>>> I think that your definition of committer and contributor is identical to Apache's.
>>>
>>>
>>> Ron
>>>
>>> On 09/06/2016 3:57 PM, John Burwell wrote:
>>>> All,
>>>>
>>>> I believe Pierre-Luc’s explanation is correct, and that we may have slightly
different definitions of contributor and committer.  Generally, we define a contributor, we
are referring to anyone (committer, PMC member, any person in the world) who contributes code,
documentation, etc to the project.  We define a committer as a contributor who demonstrated
a strong and sustained commitment to the project.  In recognition of this commitment, committers
are granted the right to commit changes to the project’s public repositories.  Execution
of an ICLA and CCLA are required in order for someone to become an Apache CloudStack committer.
>>>>
>>>> IANAL, but my understanding is that any individual can contribute to an Apache
project without signing an ICLA/CCLA because a committer with one in place will perform commit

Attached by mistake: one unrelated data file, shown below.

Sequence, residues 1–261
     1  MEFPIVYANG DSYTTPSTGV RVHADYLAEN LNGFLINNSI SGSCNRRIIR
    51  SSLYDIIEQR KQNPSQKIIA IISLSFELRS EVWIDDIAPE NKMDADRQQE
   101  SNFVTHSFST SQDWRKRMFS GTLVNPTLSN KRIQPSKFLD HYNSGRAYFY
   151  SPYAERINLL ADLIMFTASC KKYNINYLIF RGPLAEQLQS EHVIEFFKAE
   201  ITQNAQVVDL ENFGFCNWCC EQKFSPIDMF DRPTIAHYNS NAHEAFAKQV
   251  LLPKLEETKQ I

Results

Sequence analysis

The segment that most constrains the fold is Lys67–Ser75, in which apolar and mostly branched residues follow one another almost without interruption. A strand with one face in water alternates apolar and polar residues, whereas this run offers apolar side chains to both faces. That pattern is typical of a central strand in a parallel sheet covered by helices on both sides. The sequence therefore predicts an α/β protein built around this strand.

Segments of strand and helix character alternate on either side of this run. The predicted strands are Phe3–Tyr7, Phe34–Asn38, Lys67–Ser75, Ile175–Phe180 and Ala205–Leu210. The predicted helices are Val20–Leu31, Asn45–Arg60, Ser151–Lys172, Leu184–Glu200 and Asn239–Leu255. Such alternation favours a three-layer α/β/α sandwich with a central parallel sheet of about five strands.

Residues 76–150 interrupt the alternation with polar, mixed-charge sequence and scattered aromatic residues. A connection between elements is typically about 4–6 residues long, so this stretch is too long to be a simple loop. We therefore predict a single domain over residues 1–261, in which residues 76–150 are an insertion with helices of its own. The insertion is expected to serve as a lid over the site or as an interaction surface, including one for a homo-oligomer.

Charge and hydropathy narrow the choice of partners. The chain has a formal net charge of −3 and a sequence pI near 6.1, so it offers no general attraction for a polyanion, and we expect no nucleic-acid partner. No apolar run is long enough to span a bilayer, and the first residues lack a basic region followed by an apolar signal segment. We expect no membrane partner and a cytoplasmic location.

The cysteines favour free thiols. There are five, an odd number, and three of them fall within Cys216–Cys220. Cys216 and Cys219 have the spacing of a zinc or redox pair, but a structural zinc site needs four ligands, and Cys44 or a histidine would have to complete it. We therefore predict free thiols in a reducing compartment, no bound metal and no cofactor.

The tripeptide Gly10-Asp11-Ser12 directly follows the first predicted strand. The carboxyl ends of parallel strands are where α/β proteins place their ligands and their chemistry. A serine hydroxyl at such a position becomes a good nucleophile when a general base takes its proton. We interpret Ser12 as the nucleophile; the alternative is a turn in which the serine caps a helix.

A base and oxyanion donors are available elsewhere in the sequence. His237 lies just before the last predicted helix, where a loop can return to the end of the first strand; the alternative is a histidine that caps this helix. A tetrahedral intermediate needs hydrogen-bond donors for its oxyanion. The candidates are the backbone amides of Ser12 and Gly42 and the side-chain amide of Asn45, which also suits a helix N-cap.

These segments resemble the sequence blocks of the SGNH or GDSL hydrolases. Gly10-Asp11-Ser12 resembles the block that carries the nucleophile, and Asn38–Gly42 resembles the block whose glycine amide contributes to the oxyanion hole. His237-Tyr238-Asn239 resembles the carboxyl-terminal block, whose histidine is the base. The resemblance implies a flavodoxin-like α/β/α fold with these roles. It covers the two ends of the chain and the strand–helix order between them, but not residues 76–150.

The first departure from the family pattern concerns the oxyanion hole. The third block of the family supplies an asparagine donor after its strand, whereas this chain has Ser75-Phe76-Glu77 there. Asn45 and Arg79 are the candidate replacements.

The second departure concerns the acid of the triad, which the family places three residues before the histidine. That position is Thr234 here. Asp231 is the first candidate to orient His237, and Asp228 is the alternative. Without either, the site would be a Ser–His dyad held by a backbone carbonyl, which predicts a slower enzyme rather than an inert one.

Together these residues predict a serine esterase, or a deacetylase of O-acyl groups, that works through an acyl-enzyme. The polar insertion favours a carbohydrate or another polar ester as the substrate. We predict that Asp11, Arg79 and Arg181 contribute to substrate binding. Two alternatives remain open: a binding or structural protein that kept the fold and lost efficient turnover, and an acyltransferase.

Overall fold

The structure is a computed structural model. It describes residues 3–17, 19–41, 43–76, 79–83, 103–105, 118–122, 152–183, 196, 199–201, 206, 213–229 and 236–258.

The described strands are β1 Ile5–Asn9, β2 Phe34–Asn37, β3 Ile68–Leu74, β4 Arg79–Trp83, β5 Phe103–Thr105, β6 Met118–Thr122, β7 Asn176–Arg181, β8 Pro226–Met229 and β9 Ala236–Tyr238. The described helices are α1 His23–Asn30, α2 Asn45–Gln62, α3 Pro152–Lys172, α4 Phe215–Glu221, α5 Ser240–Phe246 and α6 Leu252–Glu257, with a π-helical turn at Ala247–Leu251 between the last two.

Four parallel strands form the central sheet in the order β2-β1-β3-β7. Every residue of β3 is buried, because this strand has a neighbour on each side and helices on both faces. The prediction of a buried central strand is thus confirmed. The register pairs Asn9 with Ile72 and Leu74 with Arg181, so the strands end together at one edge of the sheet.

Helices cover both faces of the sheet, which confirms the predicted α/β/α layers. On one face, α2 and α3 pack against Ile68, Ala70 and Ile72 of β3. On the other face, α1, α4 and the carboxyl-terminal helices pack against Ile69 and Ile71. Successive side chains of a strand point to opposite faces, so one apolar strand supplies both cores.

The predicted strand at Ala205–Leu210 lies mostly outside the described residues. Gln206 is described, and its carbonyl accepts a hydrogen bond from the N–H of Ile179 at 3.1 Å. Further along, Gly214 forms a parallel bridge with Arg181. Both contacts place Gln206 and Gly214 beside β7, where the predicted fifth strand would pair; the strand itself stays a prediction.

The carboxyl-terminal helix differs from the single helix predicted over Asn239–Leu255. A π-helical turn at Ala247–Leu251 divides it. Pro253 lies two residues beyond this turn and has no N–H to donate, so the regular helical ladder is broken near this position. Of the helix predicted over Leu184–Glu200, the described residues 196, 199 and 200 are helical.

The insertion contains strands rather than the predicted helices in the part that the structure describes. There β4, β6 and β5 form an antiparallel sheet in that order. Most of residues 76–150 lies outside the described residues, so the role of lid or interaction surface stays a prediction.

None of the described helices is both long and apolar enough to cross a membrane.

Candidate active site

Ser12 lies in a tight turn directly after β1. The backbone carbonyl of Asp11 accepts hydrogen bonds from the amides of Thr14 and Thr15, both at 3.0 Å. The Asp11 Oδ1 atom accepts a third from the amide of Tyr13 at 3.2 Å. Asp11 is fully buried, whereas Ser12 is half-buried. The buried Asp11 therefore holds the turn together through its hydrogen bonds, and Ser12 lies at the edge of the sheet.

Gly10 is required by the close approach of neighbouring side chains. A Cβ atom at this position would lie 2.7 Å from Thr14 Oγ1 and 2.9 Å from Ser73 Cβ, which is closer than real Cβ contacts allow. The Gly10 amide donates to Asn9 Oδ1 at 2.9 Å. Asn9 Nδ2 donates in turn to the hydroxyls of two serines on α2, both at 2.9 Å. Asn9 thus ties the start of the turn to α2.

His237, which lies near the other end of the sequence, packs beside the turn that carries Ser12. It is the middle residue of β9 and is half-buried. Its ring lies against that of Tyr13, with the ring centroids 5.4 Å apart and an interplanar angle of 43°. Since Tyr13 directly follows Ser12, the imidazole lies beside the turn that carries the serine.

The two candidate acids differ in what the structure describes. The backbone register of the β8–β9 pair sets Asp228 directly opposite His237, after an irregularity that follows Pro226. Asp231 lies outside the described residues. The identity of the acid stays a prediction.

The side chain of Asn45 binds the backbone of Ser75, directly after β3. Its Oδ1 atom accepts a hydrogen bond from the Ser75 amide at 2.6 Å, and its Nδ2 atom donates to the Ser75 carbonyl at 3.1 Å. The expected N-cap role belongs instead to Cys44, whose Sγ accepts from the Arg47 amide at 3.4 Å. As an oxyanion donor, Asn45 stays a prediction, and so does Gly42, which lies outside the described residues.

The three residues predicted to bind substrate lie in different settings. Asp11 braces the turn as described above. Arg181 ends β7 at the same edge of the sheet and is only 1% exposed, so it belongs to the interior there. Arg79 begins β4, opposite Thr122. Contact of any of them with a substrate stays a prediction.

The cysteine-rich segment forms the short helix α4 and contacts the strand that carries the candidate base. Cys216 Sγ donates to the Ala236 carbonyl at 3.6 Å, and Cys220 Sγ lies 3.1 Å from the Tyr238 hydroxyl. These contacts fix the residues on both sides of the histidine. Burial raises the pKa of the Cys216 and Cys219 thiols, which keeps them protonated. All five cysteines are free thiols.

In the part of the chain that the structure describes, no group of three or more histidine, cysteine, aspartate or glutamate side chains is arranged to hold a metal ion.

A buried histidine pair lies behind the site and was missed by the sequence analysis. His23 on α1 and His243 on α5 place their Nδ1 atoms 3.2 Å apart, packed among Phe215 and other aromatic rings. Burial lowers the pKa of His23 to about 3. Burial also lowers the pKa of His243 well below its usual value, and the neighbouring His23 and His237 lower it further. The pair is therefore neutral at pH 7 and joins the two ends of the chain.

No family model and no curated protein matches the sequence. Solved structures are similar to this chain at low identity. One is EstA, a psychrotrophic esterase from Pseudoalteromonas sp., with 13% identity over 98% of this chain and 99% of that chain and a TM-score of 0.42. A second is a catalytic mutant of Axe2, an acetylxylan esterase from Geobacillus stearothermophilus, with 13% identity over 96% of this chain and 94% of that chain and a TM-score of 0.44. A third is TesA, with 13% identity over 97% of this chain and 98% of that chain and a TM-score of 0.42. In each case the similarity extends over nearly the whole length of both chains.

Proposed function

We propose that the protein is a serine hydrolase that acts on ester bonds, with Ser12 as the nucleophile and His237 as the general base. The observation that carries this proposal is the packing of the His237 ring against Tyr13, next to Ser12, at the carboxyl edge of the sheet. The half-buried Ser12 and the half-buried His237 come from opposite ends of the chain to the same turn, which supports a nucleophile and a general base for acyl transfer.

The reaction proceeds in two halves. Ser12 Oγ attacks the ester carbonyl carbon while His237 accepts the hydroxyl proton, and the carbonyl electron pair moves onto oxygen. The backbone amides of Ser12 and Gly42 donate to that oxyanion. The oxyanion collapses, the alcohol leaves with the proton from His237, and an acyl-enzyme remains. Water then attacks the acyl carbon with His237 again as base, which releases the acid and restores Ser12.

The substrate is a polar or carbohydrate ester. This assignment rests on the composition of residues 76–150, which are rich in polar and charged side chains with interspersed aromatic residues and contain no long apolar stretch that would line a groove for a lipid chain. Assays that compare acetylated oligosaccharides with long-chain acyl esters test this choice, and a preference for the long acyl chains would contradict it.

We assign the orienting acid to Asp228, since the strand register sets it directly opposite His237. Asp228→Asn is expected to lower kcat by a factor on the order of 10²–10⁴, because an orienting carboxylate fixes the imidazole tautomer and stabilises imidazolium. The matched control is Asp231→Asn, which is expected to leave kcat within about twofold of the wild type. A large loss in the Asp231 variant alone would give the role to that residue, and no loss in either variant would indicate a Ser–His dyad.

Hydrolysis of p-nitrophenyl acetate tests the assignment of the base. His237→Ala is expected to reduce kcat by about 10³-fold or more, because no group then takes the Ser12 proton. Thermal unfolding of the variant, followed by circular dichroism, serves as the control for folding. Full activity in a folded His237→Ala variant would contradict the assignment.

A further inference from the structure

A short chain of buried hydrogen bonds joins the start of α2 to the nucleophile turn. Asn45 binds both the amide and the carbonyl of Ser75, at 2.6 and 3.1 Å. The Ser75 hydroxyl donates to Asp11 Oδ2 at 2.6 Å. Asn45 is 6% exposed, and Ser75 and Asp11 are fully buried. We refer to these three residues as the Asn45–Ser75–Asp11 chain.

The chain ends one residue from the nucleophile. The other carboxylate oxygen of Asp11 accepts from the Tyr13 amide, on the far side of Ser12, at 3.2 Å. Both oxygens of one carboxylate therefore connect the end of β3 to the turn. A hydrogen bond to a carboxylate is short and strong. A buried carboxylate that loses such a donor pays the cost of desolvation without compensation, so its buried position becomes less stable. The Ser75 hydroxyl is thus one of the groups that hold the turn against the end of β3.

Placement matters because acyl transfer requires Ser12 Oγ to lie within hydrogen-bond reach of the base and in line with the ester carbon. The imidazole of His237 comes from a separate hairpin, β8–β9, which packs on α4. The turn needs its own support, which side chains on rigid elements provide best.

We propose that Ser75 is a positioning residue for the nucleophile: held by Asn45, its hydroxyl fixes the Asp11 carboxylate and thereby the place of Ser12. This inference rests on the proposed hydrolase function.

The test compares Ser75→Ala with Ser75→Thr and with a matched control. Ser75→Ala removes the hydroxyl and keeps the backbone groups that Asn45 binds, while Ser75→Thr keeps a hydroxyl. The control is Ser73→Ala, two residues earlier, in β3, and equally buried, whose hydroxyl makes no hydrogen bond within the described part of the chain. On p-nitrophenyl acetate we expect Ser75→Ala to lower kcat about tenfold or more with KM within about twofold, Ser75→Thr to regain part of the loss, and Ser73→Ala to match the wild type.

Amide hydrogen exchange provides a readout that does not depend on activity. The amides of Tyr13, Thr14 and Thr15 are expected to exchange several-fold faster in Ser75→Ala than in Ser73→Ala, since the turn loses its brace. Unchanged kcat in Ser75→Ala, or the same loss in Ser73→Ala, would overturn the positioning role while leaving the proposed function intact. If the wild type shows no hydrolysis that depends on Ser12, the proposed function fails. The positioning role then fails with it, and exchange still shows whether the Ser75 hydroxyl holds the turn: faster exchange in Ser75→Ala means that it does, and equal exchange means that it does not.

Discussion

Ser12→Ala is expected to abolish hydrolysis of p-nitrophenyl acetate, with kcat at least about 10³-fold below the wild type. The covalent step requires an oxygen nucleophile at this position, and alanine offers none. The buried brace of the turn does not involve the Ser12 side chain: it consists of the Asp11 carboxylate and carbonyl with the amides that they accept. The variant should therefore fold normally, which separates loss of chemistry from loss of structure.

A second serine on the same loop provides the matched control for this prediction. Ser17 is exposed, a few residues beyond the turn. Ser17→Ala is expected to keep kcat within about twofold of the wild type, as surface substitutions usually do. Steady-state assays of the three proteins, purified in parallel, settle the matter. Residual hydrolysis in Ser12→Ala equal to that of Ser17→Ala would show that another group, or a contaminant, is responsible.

to the repository.  The act of the individual giving code to the project and a committer reviewing
and committing it to the repository qualifies as rights assignment under by the ASL.  Since
execution of an ICLA/CCLA is a prerequisite for all Apache CloudStack committers and Apache
secures our repositories to only allow committers read/write access, rights assignment under
the ASL for our repositories is properly enforced/managed.
>>>>
>>>> Thanks,
>>>> -John
>>>>
>>>> john.burwell@shapeblue.com
>>>> www.shapeblue.com
>>>> 53 Chandos Place, Covent Garden, London VA WC2N 4HSUK
>>>> @shapeblue
>>>>
>>>>
>>>> On Jun 9, 2016, at 1:46 PM, Pierre-Luc Dion <pdion891@apache.org> wrote:
>>>>> Hi Ron,
>>>>>
>>>>> As far as I know, ICLA and CCLA is required for commiters, but not required
>>>>> for non-commiters contributors. I don't know about all details, someone
>>>>> else in the ML might have more details about this. For sure, you can
be a
>>>>> contributor without submitting code as a anyone in this ML is consider
as a
>>>>> contributor.
>>>>>
>>>>> Cheers,
>>>>>
>>>>>
>>>>> On Thu, Jun 9, 2016 at 11:46 AM, Ron Wheeler <rwheeler@artifact-software.com
>>>>>> wrote:
>>>>>> As part of a discussion during last weeks meeting in Mpntreal, the
>>>>>> question was raised about the requirement to have an Individual Contributor
>>>>>> License Agreement (ICLA) for each contributor.
>>>>>>
>>>>>> http://www.apache.org/licenses/ describes the requirements as follows:
>>>>>>
>>>>>> "The ASF desires that all contributors of ideas, code, or documentation